Thursday, September 19, 2013

Quaker and Mennonite Research

Our Wednesday evening was spent discussing Quaker and Mennonite Research History and Heritage.

 William Penn a person of means brought many Quakers to the Colonies for the development of the
 land. William Penn as we know was from England and worked many deals with the Courts in England.
  Quakers a a religious entity that was a development from a split from previous religion's. They were
mostly found in England, some in other regions but not many. George Fox was the Founder of The Friends.

Sharing a url I used and a clipping regarding some famous Quakers in our past.
I am sure many will be surprised to hear James Dean was a Quaker, or Bonnie Raitt or Joan Baez.
Most of us knew James Michener was.

Most of the people in the group were familiar with Quakers but few had relatives yet found that were Quakers. Quakers were more strict in policy and procedure than Mennonites.

Notable Quakers: William Penn, Betsy Ross, Daniel Boone,  Thomas Paine,  Annie Oakley, Jane Addams, Susan B Anthony, Dolly Madison, James Fenimore Cooper, Walt Whitman, James Michener,
Hannah White Smith, Herbert Hoover, Richard Nixon, Julian Bond, James Dean, Ben Kinglsey, Joan Baez and Bonnie Raitt.

I think many will be surprised that some of the names above were Quaker.

The Quaker people helped develop Pennsylvania and carried their beliefs into their law making, land recordings, and development of the state.  They were a large presence in the community affecting many decisions in the early years.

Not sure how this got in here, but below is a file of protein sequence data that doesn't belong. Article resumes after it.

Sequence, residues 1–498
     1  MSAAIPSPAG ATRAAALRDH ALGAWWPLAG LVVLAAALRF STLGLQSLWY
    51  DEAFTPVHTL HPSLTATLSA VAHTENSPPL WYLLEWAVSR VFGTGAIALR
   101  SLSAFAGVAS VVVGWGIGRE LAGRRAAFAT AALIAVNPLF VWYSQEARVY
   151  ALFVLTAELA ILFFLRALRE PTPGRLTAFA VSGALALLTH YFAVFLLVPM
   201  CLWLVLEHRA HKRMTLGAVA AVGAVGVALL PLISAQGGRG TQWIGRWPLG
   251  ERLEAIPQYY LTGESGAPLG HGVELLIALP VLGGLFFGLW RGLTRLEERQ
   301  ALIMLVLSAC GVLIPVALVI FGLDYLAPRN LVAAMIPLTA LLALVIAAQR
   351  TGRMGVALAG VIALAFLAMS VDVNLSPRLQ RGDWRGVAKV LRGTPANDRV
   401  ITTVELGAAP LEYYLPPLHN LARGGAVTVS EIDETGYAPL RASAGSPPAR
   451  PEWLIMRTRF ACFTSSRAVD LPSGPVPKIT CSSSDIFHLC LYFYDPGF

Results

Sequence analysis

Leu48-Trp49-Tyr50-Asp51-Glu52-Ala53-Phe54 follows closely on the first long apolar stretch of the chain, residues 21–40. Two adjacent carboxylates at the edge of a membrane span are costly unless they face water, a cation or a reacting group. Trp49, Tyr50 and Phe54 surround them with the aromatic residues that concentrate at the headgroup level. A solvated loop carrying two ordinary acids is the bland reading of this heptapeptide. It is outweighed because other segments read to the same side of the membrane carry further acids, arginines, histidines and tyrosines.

Urls posted on bottom, for references.


The Mennonite also settled Pennsylvania, both are a form of Antibaptist movement.  One believed in Baptism after 18 the other one did not. But neither believed in Baptism as a small child or infant, the Church's requirements. ie today's Catholic Church.

The were started in Zurich, Switzerland by people unhappy with the Catholic Mass changes in 1525.
Debates were held with Zwingli.

Swiss Brethren, added a Catholic priest named Menno Simons. The movement changed from Antibaptist to Mennonite named for this priest.  1536. He served for 25 years until death.

Another split happened in 1693 forming the Amish Church, which was named after Jakob Ammann, a Swiss Antibaptist.

Mennonites could serve in the wars in non combative situations. Wagon drivers. medical attention and non combative roles.

After Penn started bringing the Quakers the others followed suit and came to Pennsylvania, some in New Jersey and some in Virginia. Maryland was known as a Catholic region.

The groups kept splitting and adding and in 1847 a new district was created and in 1860 another.

1872 to 1901 more schisms 4 dominate groups.

Old Order Mennonites were in Indiana, Ohio, Ontario Canada, Lancaster Co. PA and Rockingham Virginia.

Russian Mennonites that came brought their wheat seed and migrated to Kansas, turning the state of affairs in Kansas into a positive by it becoming grain growing state..

Later the Quaker and Brethren banded together and created a new law to pass in the United States.
They had a strong aversion to violence and serving in the Wars we had.

The Quaker and Mennonites were the ones who got the Conscientious Objector Laws passed during World War 11, allowing them to serve in Civil Public Service camps instead of the military.

Mennonite and Quaker were brought together again when the General Conference and Old Order Mennonites voted to unite the two seminaries. In 2002, the two formally merged, becoming
Mennonite Church USA. The Canadian merger is called Mennonite Church Canada.

Quaker Oats is not an affiliate of the Quakers.
   —It was thought that they did adhere to the values of the Quakers when they made their oats so they could use the term.

Records can be found in many locations: Lancaster County Historical Society,  Mennonite Historical Society, Historical Society of the Cocalico Valley, (Ephrata). Reformed Church  Seminary, Fackenthall Library (Franklin & Marshall College), Vital Records Office, Court House and the various libraries within in the area.

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